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ROWING: Andy Triggs Hodge column
6:00pm Saturday 24th August 2013 in Sport
It’s time to race. But sport is rarely a plain sailing road to success.
Coming from different trajectories, all competitors are aiming for a target the size of an eye of a needle.
The pinpoint accuracy needed to attain that single gold medal is unfathomable, in absolute or relative terms, and is known only by one person.
Only the winner knows what it really took for them to hit that spot.
And from the moment they do, every route continues in an array of directions – either into obscurity or fame.
Now that we’re just days away from the World Championship heats in Korea, that eye of the needle is coming into view.
Our route to get here has been very different from that of our competitors.
It’s been challenging and unique to us.
Hopefully it’s exactly what we needed, to ensure that we’re as well-prepared as we can be.
But the only time we’ll know this for certain is when we cross the finish line of the final, a week on Sunday.
For now, we will keep trusting the path we have built, and each other.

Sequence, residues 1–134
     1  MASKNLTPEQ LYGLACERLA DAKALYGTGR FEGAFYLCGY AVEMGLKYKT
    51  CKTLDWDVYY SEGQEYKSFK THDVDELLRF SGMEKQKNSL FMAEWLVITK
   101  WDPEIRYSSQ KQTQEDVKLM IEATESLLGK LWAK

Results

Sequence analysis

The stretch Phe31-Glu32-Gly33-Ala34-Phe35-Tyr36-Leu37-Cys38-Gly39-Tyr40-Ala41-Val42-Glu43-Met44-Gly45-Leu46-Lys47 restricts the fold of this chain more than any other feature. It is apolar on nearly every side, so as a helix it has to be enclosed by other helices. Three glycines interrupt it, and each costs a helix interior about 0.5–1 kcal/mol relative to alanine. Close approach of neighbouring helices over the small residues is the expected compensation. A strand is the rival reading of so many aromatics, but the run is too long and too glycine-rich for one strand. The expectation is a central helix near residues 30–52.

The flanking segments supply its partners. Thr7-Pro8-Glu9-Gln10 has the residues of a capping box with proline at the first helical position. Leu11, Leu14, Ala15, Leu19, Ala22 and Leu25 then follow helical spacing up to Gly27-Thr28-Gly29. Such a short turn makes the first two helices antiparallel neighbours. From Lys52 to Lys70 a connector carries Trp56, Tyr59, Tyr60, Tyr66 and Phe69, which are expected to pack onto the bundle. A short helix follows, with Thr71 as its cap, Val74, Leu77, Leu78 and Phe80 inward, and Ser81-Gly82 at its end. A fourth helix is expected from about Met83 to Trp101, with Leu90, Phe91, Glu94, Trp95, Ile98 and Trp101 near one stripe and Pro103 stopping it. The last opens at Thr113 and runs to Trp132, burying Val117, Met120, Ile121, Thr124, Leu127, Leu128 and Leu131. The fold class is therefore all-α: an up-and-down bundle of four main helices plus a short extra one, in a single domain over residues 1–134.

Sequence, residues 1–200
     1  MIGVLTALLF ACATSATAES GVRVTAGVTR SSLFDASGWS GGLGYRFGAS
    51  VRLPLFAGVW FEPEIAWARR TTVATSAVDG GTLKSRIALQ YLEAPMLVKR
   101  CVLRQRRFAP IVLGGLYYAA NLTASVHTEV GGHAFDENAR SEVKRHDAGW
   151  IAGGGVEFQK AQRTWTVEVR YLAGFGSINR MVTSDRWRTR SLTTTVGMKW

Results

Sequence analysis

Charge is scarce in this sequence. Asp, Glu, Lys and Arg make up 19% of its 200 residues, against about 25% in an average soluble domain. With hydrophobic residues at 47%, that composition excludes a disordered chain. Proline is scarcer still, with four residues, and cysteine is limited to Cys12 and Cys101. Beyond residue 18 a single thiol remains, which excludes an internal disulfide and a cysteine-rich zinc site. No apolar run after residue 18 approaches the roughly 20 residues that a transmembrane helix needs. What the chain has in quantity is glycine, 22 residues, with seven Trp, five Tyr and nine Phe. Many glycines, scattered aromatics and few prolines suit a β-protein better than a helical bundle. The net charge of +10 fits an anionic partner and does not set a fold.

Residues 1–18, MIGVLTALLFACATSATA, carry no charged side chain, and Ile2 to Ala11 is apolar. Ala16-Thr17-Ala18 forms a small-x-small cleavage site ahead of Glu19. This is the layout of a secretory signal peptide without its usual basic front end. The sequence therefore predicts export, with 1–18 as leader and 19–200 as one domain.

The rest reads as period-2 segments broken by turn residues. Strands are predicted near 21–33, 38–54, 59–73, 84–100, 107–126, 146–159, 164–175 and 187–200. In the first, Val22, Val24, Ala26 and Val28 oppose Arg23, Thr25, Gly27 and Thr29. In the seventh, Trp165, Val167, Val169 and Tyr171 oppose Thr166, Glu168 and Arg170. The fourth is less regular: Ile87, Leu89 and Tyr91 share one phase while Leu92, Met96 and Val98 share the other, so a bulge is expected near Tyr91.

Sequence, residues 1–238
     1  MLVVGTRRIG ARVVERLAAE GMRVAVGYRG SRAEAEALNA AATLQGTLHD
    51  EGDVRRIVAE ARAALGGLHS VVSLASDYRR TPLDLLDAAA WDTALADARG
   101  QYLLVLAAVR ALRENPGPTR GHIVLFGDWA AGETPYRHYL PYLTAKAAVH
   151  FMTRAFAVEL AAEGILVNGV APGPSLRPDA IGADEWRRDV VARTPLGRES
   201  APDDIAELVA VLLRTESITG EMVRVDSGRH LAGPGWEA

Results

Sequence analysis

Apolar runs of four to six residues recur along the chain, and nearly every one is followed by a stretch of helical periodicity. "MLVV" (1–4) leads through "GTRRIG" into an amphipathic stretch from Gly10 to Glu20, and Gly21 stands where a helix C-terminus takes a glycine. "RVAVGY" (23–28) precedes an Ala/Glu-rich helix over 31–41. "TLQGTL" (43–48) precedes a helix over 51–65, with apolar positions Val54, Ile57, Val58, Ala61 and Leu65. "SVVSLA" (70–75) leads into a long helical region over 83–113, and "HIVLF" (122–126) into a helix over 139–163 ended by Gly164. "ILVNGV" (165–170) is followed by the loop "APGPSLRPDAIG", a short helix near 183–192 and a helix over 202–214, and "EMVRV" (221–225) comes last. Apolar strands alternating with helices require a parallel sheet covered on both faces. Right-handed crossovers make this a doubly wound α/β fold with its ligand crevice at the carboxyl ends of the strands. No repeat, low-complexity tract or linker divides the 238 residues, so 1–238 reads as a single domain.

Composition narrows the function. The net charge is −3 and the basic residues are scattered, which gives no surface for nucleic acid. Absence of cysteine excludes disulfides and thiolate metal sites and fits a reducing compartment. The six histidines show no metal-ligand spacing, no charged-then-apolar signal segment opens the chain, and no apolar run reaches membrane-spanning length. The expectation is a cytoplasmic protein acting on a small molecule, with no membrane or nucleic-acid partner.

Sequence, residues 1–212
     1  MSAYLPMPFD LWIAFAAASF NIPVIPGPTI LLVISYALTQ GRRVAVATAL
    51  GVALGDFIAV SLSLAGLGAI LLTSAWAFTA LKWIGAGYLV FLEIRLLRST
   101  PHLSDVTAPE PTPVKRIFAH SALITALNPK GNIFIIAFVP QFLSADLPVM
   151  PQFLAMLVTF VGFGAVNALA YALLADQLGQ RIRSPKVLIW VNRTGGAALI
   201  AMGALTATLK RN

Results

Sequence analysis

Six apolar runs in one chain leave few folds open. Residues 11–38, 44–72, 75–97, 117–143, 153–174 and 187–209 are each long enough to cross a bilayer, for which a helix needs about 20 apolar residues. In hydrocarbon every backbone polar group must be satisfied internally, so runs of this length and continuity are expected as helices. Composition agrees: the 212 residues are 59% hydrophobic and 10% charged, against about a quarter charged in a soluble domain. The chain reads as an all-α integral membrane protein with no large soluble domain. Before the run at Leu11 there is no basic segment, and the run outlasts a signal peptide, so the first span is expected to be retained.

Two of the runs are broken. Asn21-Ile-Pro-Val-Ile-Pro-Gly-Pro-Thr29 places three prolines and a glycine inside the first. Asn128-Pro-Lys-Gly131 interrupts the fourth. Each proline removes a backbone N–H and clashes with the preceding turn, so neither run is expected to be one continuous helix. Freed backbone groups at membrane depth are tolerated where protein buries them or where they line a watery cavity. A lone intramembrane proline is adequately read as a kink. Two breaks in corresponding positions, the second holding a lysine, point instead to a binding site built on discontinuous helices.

These last few weeks are anything but run of the mill.
For 46 weeks of the year, we are knackered.
We train with fatigue in our legs. Everything is heavy and freshness is rarely encountered. Putting this into context of preparing to race, we’re a finely-tuned machine.
But our perspective is with these tired legs, not these bouncy appendages we’ve developed. It’s like driving and realising your handbreak is still on.
It is quite disorientating, especially when you’re conscious that you’re aiming for that eye of the needle.
But trust is what we must have – and the one thing that holds this all together, as always, is our coach, Jurgen Grobler.
He has the experience to know how to balance everything, to bring all eight athletes right together.
And so, amid the turmoil of the final preparations, through the calm before the storm, we prepare to lay down a years’ worth of sweat and pain on the line.
This race will validate our reasons for returning to training after the Olympics, or picking ourselves up and coming back to try again regardless.
It will justify the decision to our girlfriend or wife, and our families, and the missed birthdays and social gathering and underlying duties to friends.
Our paths after this event will forge ahead, with many twists and turns. But for now, the only question is whether we will live up to our own expectations, take this race on and execute it in our own way.
Forged by our own path, will it hit the mark?
There is a sense of muted optimism and eager anticipation in the boat. This is a good start . . .
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